But New York City’s transformative success in Manhattan has led to the same problems that affect other cities around the world. Traffic is choking the city. Higher densities and global tourism mean more pedestrian activity on sidewalks that are already inadequate for pedestrian passage. Truck deliveries have escalated because of catalog and Internet shopping. With no place to park, trucks double park on narrow streets, blocking the normally slow flow of traffic. The bridges and tunnels can not accommodate peak traffic efficiently. People, like canned sardines, are crammed into an inadequate subway system. In short, the city, as it was planned in the 20th century, is malfunctioning. The type of growth has changed.

Growth

Growth has many faces. In America cities, the once rapidly growing population has slowed to a crawl. Land coverage does not relate so much to population growth as to other factors.

Metropolitan area maps, like the illustrations shown here (meld all construction into a single image of land coverage. Figure 1 and 2


Figure 1. 1960 Metropolitan development pattern between Baltimore, Maryland and Washington DC

Figure 2. 1997 Metropolitan development pattern between Baltimore, Maryland and Washington DC

It does not show the growth (or lack of) in the city. While the late 20th century growth of land coverage in the metropolitan area occurred in part from increasing population, much land coverage growth stemmed from the individual’s desire for vastly increased amounts of living and work space.

Population growth varies from country to country. Population growth in the United States and Europe is stagnant and in some cases, it has declined. In Asia, urban populations are increasing. In the United States, it is population shifts, immigration, and the individual desire for more space that creates land coverage growth in both cities (when it occurs) and the metropolitan area.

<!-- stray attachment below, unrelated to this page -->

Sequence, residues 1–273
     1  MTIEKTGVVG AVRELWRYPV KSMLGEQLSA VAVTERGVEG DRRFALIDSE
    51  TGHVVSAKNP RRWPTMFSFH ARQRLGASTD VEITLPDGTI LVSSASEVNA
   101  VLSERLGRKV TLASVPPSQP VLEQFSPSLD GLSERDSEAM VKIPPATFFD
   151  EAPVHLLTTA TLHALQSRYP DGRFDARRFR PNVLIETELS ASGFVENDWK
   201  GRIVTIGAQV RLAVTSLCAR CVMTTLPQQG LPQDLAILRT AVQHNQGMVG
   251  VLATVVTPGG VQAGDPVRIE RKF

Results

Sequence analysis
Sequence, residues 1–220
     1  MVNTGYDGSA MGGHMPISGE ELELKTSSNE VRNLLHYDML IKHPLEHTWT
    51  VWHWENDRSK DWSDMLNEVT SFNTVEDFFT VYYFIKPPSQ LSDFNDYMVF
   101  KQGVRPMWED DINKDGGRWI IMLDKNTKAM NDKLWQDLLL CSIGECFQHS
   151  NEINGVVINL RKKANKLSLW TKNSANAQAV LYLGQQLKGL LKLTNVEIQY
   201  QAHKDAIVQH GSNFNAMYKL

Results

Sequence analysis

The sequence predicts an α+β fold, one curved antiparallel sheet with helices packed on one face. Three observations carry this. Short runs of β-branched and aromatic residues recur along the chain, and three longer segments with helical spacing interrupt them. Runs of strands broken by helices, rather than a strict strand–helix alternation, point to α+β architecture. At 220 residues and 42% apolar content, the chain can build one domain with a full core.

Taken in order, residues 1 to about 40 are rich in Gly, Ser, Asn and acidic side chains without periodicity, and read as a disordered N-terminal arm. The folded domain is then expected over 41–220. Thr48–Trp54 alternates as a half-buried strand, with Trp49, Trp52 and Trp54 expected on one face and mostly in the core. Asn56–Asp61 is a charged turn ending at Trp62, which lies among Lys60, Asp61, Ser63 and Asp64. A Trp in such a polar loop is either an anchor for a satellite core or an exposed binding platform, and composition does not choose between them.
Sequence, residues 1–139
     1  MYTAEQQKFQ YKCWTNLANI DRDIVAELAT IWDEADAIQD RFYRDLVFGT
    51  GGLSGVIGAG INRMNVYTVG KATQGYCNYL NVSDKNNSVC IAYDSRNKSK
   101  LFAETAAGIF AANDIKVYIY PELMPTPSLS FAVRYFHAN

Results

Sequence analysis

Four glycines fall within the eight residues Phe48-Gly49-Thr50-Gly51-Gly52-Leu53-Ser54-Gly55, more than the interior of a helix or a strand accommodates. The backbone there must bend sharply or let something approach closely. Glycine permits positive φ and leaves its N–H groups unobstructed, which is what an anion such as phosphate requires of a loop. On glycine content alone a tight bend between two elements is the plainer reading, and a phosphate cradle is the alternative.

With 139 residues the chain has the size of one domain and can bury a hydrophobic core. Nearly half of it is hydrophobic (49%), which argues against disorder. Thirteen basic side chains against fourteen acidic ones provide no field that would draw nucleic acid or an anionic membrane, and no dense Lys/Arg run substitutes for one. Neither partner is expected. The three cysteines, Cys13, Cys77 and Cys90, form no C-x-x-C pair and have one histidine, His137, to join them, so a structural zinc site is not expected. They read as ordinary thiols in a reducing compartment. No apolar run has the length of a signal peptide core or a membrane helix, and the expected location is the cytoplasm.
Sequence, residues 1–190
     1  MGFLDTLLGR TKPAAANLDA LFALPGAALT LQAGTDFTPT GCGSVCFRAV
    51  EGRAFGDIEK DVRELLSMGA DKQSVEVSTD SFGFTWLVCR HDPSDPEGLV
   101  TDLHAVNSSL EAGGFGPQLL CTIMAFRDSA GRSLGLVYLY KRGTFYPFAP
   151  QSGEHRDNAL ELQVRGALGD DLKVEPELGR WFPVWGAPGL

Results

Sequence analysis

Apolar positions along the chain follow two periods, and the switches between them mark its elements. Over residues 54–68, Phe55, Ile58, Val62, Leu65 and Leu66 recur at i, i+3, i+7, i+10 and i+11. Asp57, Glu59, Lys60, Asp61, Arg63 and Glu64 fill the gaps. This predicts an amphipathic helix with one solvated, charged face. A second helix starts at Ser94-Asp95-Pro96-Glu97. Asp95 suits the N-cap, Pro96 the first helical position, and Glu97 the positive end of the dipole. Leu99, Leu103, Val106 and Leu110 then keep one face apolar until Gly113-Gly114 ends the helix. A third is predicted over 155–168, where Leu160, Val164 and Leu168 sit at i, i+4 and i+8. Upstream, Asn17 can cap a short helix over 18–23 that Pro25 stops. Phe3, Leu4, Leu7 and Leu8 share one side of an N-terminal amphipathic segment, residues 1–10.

The land coverage of the metropolitan areas is due to three primary factors. One, as society has grown more affluent, people occupy more living space. The original Levittown suburban houses, the first suburb in America, were designed within 1000 square feet and contained two small bedrooms, one bath and a living room. Today’s typical suburban home is more likely to be 2500-3500 square feet, three to four bedrooms with two or three baths, a large living room, and a dining or play room.

The clone of the same three or four bedroom typical suburban house is less expensive than one located closer to the dominant economic center. The commuter who wants or needs to pay less, will relocate further from the urban center and spend more time traveling a greater distance to work. The pain of the commute is seen as a trade-off for a better and more affordable life style (Mansnerus 2001, 8).

Two, businesses have grown, so have their requirements for more building land. American businesses tried to shrink office space requirements in recent years by cutting the number of square feet allotted for individual use by encouraging employees to live/work, and outsourcing work to other countries. However, Wood (1994) points out that business workspace needs continue to grow (Wood 1994, 150).

Three, from earliest times, world cities have been a center of both migration and immigration with rich and poor alike seeking new opportunities. The shifting flux of inward and outward migrations still continues, as people who follow their ambitions, seek jobs, mild climates, retirement or adventure. What is new is that globalization has changed the character of migration and immigration. The poor, unskilled, and under educated still immigrate to find work. However, as the corporate work structure has changed from a hierarchy to a flattened "pancake", the demand for skilled workers has escalated. Weld (2001) writes that up to 71% of all corporate employees are in top and middle jobs and that foreign-trained administrators, professionals and technologists are filling many of these jobs (Weld 2001, August 22). Additionally, global tourism has boomed. As world wealth increases, so does an affluent, educated middle-class who travel. People from all over explore cities worldwide; some even remain in the cities they visit.